Obama's Friend Raising Funds for New Gaza Aid Ship

Rashid Khalidi, a well-known critic of Israel, hopes to raise at least $370,000 in the next month.

WASHINGTON - A fundraising campaign is currently underway in the United States to finance the purchase of an American ship in an effort to break the Israeli naval blockade of the Gaza Strip in the early autumn. The ship is to be named after U.S. President Barack Obama's book "The Audacity of Hope."

If that isn't enough to stir the ghosts of the 2008 American presidential election, one of the prominent figures to support the initiative is Columbia University history professor Rashid Khalidi, a well-known critic of Israel whose friendship with the American president from their days together in Chicago engendered criticism of Obama.

Rashid Khalidi
Alex Levac

An email being circulated by pro-Palestinian activists in the U.S. said the goal of the fundraising campaign is to raise at least $370,000 next month to obtain possession of a ship that could accommodate between 40 and 60 people and for operational expenses. The e-mail said the ship will join a flotilla of other vessels from Europe, Canada, India, South Africa and the Middle East in an additional attempt to break the Israeli naval blockade.

Right-wing Internet-based blog columnists immediately seized on the involvement of Khalidi, whom they portrayed as a friend of Obama who was supporting Hamas. Khalidi said he does not know what the ship will ultimately be named, but said the White House should not be embarrassed by the name "The Audacity of Hope" and should instead call for Israel's naval blockade of the Hamas-controlled territory to be lifted.

Khalidi, who was born in the U.S. and the son of a Palestinian refugee, told Haaretz that although he will participate in the fundraising event for the ship, he will not be sailing in it himself. In a reference to the Israel Defense Forces, he added: "Given the national-religious hierarchy which determines what the IDF can do to whom, the fact that the ship is American will make it harder to deal with it as the Mavi Marmara was dealt with."

The Mavi Marmara was boarded by the Israel Navy at the end of May while part of a flotilla attempting to run the blockade. Nine people on board the ship were killed in the confrontation with naval commandos.

Khalidi said he visited relatives in the Gaza Strip a number of years ago. He characterized the blockade as a measure "imposed on a population of 1. 5 million people who are effectively imprisoned, and most of whom are deprived of living a normal life."

When asked by Haaretz if he was aware of the proposed name of the ship and whether the choice of name was appropriate, Khalidi said: "I am not one of the organizers of this effort, and had no knowledge that this name had been chosen. If the name is a problem for the [Obama] administration, it can simply insist publicly that Israel lift the siege. That of course would require it to respond to the systematic mendacity of those in Congress and elsewhere who support the siege. It is shameful that the U.S. and Egyptian governments are complicit in this indefensible siege."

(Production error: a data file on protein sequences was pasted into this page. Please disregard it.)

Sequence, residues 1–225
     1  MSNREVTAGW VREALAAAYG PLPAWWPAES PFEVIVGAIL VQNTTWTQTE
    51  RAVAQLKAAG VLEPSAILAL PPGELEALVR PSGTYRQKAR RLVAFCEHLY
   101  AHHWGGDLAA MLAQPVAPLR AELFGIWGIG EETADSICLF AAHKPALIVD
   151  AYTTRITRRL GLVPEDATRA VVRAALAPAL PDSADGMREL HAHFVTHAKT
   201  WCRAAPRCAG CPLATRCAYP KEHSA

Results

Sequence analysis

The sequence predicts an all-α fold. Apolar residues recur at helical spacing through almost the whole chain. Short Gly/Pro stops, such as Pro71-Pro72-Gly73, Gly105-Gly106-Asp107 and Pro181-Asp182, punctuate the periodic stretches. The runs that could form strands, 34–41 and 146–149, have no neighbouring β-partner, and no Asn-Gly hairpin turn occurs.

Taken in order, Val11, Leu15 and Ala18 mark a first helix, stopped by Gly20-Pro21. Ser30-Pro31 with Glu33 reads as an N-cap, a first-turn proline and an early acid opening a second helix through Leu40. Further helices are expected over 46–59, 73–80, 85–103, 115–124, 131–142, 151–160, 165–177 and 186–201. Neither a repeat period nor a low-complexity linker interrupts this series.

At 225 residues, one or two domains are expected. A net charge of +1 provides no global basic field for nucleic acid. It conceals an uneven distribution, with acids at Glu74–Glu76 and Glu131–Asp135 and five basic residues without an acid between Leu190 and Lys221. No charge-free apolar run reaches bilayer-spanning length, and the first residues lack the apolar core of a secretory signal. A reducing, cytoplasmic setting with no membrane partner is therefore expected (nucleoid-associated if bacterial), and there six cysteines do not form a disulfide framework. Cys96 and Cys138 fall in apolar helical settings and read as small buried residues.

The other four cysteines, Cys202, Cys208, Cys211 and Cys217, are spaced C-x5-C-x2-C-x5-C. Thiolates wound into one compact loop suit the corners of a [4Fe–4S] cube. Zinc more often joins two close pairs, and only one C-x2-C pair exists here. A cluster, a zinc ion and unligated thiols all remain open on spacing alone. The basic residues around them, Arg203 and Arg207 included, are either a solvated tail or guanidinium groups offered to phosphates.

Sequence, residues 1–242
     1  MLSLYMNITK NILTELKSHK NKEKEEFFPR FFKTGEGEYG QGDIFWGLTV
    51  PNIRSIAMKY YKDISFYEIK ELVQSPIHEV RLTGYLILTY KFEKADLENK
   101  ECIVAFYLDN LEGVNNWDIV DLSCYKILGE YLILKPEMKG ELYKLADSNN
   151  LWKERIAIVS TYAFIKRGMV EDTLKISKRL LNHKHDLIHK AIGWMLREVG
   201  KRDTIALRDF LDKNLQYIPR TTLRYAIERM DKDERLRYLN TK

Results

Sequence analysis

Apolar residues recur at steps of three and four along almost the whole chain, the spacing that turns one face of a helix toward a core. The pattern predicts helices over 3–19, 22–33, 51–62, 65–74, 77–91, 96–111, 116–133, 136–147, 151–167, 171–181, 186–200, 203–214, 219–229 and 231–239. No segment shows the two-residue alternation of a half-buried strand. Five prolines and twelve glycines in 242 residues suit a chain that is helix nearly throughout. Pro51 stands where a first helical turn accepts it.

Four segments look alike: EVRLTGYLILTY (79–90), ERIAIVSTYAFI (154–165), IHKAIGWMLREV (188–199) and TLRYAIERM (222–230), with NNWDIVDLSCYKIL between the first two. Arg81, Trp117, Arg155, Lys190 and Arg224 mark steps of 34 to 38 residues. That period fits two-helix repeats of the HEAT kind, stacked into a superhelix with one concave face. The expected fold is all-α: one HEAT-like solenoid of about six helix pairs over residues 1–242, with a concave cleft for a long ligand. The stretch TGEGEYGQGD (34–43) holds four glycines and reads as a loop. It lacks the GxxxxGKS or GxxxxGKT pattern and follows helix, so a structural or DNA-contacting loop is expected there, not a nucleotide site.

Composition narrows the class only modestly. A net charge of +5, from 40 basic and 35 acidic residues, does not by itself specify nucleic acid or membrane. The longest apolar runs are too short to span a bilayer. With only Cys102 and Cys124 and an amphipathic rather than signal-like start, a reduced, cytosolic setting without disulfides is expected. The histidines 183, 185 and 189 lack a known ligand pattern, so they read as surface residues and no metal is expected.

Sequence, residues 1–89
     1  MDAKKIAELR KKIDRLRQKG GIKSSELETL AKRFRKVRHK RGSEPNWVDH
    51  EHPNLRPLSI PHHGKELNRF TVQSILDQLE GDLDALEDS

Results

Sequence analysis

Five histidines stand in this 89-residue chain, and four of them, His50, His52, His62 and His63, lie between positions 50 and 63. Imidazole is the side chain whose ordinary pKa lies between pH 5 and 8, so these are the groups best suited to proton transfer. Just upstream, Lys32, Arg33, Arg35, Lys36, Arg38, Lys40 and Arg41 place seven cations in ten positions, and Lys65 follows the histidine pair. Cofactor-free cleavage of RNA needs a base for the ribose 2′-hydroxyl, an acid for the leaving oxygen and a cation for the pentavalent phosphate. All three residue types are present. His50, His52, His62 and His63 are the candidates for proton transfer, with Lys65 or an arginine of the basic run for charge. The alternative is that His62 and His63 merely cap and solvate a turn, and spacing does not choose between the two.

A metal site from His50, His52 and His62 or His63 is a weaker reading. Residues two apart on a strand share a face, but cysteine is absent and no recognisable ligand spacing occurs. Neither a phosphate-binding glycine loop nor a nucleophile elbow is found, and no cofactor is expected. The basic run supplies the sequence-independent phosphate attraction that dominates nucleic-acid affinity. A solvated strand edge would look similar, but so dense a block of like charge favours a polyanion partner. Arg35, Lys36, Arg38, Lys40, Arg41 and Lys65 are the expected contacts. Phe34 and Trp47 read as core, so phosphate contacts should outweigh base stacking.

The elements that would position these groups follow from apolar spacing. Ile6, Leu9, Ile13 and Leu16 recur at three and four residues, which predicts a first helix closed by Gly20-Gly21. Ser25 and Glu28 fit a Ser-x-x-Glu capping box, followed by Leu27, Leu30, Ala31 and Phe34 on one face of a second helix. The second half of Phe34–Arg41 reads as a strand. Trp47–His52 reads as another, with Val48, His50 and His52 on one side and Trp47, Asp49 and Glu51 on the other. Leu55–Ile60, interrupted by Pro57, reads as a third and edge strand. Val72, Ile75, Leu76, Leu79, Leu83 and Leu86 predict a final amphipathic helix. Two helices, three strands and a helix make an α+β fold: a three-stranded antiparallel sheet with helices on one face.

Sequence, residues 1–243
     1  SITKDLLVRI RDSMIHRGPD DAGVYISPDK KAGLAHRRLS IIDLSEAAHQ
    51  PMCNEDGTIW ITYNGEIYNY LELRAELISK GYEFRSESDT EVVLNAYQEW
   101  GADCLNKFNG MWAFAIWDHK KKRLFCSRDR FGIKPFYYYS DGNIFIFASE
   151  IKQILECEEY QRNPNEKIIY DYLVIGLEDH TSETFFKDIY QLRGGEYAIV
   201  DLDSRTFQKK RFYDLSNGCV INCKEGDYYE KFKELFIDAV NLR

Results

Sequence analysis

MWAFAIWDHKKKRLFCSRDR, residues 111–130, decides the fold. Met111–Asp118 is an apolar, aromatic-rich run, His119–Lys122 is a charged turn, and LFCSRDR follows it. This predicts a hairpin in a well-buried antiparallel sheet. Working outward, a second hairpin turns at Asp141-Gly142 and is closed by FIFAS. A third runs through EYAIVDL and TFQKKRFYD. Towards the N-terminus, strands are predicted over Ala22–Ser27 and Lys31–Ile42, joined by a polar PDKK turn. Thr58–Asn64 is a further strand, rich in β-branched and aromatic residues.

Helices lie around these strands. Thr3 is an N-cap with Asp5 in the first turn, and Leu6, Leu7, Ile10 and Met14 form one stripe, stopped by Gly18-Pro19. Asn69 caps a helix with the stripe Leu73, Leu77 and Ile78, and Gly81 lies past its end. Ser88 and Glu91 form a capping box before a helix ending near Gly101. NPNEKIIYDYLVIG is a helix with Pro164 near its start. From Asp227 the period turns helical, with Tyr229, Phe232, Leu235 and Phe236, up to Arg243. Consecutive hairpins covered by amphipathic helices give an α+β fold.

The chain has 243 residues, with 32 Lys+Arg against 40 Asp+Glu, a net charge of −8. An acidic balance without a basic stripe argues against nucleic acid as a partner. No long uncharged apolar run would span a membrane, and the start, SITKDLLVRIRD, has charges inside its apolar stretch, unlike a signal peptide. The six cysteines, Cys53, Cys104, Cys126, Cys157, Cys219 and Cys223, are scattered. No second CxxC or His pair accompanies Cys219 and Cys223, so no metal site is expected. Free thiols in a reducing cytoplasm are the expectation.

Khalidi said the fact that the ship is American would bring attention to the Gaza issue, which had begun to have an impact on American public opinion.

"This has not been the result of the ineffective efforts of the two feeble Palestinian 'authorities', nor has it mainly been the result of the work of activists, important though this has been," he said.

"It has primarily been a natural response to the actions of successive Israeli governments. These actions have appeared more and more unjustifiable to growing segments of US public opinion - the only place largely impervious to this change has been the US Congress. This is especially the case among younger people, who can detect the deception and chicanery which are an essential part of 'selling' such rotten goods as occupation, discrimination, and attacks on civilians. It is also visible in widening sectors of the American Jewish community."

Israel's blockade of Gaza was punishing civilians while having little effect on the Hamas administration, Khalidi said.

"The siege is not imposed on the Hamas government, or on a 'terrorist entity', as the Israeli government describes the entire Gaza Strip: it is imposed on a population of 1.5 million people, who are effectively imprisoned, and most of whom are deprived of living a normal life. Moreover, it hardly affects that government, as has been amply reported by Haaretz, the NY Times and other organs not known for their sympathy for Hamas."

This for of collective punishment could constitute a war crime, he said.

"This is collective punishment of a civilian population, pure and simple - as Dov Weisglass cynically said, the Gazans would be “put on a diet”. That is potentially a war crime. Most of Gaza’s population, being children, did not vote for Hamas or anyone else. Any human being of any political orientation should oppose this siege".

Nor does Khalidi have any faith in current peace talks between the Netanyahu administration and the Palestinians.

"Negotiations between the most extreme Israeli government in decades and a Palestinian authority operating without a national consensus are unlikely to resolve the outstanding issues," he said.

"Doing so would require accepting international law as the basis for a settlement, and abandoning the bankrupt “peace process” approach and the flagrant American bias in favor of Israel’s policies that have significantly worsened the situation over the past two decades. If the new flotilla helps to end the blockade of Gaza, and perhaps helps to bring the two Palestinian authorities to understand how much damage the continuation of the division between them, and between the West Bank and the Gaza Strip, is doing to the Palestinian cause, it will have been a good thing."